One of the things that I enjoy about working with contractors and business owners in the electrical industry is that they never really plan to retire. I must say that this makes my job a little easier than it does for the Frito Lay employee that makes 80k per year but wants retirement income of 100k per year. However, some of you want to retire and live the ideal retirement lifestyle. Whatever that lifestyle may be, it’s important to have a plan and not just a bunch of investments!
When you’re running your business, you probably focus on how much you’re putting into your investment portfolio and how much those dollars reduce the taxable income you generate in your electrical business. But when you retire, how much you take out will be a matter of considerable interest. And that’s why you have to prepare the proper withdrawal strategies.
Specifically, once you retire, you’ll need to decide what percentage of your investment portfolio you can withdraw each year without running out of money.
How much can you take out annually?
There’s no one right answer for everyone. However, when you’re considering a suitable withdrawal rate, you’ll need to consider a few different factors—one of which is your age at retirement. Given today’s longer life expectancies, you could easily be around—and incurring a wide variety of expenses—when you are 90 or older. Consequently, the younger you are when you retire, the lower your annual withdrawal rate should be. An electrical contractor that I’m working with right now will be selling his business for 4 million dollars. He has about 2 million with me now so he will have a 6 million dollar nest egg. A typical withdrawal rate is 4–5% or $300,000 in this case. Most conservative business owners don’t need that much so we will be living off only 1.25% of his retirement money.
But, when determining your ideal withdrawal rate, it isn’t just the sheer number of years that you need to consider, it’s also what’s happening to your purchasing power during those years. Even with a relatively mild annual inflation rate of 3 percent, it would take just 25 years for the cost of living to essentially double. So, if you need, say, $75,000 per year to cover your expenses when you retire, you will need $150,000 per year in 25 years. If we go through a period in which inflation rises significantly, you might have to scale back your annual withdrawals or adjust your investment portfolio to provide more opportunities for growth.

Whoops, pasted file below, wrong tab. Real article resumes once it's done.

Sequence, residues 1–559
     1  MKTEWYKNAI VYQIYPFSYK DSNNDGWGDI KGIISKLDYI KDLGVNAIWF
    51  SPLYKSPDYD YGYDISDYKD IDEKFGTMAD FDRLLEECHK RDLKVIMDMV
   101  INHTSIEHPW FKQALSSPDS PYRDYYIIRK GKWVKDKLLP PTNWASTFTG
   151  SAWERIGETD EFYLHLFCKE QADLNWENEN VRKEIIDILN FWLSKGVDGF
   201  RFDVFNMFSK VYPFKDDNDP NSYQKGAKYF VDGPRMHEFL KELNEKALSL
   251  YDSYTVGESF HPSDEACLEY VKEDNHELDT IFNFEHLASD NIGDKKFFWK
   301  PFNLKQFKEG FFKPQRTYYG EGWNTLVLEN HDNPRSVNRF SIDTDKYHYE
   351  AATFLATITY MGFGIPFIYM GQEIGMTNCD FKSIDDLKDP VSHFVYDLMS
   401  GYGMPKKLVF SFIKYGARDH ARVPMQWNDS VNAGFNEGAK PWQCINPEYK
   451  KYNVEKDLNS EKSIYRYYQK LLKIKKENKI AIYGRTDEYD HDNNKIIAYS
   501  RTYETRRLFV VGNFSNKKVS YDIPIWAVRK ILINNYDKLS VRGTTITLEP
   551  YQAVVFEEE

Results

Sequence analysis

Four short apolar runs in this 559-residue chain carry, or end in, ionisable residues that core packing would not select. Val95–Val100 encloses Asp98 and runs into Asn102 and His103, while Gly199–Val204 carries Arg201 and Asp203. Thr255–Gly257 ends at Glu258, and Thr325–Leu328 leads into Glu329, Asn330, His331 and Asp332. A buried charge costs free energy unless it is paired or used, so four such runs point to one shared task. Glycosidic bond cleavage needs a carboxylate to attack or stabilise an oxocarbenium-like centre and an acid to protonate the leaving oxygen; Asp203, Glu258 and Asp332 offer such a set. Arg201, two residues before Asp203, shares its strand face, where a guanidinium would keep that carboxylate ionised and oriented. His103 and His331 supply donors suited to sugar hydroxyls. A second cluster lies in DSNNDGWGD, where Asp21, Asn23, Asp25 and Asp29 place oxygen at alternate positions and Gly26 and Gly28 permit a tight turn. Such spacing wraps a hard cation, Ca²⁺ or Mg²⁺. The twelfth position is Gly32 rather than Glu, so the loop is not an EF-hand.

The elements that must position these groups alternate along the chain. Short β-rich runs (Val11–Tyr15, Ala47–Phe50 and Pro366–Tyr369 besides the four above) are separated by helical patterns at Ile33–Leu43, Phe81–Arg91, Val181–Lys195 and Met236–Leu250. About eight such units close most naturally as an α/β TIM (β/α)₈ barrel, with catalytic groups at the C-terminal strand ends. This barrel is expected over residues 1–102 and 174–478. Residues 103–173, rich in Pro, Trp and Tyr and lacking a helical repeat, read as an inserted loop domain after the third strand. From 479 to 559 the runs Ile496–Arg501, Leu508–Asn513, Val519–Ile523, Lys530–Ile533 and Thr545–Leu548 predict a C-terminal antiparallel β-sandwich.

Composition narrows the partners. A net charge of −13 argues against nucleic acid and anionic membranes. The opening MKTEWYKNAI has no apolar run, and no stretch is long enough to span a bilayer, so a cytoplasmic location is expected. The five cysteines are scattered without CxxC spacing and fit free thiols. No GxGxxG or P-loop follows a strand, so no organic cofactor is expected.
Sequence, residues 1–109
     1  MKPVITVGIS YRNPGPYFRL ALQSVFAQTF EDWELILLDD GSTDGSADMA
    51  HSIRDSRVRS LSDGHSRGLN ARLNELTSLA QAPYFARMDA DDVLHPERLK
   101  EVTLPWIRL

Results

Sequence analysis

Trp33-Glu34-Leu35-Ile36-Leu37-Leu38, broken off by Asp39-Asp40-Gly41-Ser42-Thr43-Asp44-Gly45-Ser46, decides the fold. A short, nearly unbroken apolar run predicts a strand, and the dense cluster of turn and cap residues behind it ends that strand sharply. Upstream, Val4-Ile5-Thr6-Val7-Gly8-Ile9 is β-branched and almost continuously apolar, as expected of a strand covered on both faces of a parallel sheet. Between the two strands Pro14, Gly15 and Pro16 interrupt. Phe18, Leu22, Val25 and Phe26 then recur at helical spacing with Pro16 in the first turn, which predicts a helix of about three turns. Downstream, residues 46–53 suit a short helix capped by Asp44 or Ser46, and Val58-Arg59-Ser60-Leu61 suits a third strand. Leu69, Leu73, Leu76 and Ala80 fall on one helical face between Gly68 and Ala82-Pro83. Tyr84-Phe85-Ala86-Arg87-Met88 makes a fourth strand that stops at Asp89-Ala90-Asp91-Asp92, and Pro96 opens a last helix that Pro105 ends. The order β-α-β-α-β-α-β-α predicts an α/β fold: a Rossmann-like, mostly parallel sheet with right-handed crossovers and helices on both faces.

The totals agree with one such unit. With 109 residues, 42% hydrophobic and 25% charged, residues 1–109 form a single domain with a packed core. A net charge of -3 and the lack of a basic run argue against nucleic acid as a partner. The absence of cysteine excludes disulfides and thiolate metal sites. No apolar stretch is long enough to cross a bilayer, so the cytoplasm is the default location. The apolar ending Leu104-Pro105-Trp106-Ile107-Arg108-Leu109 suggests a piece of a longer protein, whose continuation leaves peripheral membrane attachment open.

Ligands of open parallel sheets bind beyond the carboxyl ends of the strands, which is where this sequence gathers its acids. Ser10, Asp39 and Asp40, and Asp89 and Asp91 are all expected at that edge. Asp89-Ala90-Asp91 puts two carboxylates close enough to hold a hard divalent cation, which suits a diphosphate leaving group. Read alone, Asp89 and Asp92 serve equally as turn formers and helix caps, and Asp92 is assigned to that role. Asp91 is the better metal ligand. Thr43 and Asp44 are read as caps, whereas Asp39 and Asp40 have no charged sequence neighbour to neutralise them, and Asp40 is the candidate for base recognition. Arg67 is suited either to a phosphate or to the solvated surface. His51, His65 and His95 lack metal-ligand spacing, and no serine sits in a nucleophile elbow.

And, speaking of your investment mix—it’s also a key factor in determining your annual withdrawal rate. If you own mostly fixed-rate investments, such as bonds and certificates of deposit (CDs), you will probably have to take smaller withdrawals each year than you would if your portfolio contained a greater percentage of stocks. That’s because stocks, over time, have more growth potential than other types of investments—and you will unquestionably need this growth to combat the two threats to your retirement income described above: longevity and inflation. (Of course, stocks also carry the risk of losing some, or all, of your principal, but if you invest in an array of quality stocks and hold them for the long term, it doesn’t guarantee a profit or protect against loss but you may be able to help reduce the effects of price volatility.)
Another factor behind your annual withdrawal rate is the amount of income you can expect from other sources. If you open a small business or do some consulting, you may be able to withdraw less from your investment portfolio than if you had no earned income during your retirement years. You also may be able to make lower annual withdrawals if you’ve built up a sizable pension or 401(k), supplemented by your monthly Social Security checks.
Your financial advisor can help you develop a withdrawal strategy that is suitable for your individual needs and that can counter the effects of inflation, longevity and market volatility. By making the right moves at the right time, you can go a long way working toward the retirement lifestyle you’ve envisioned.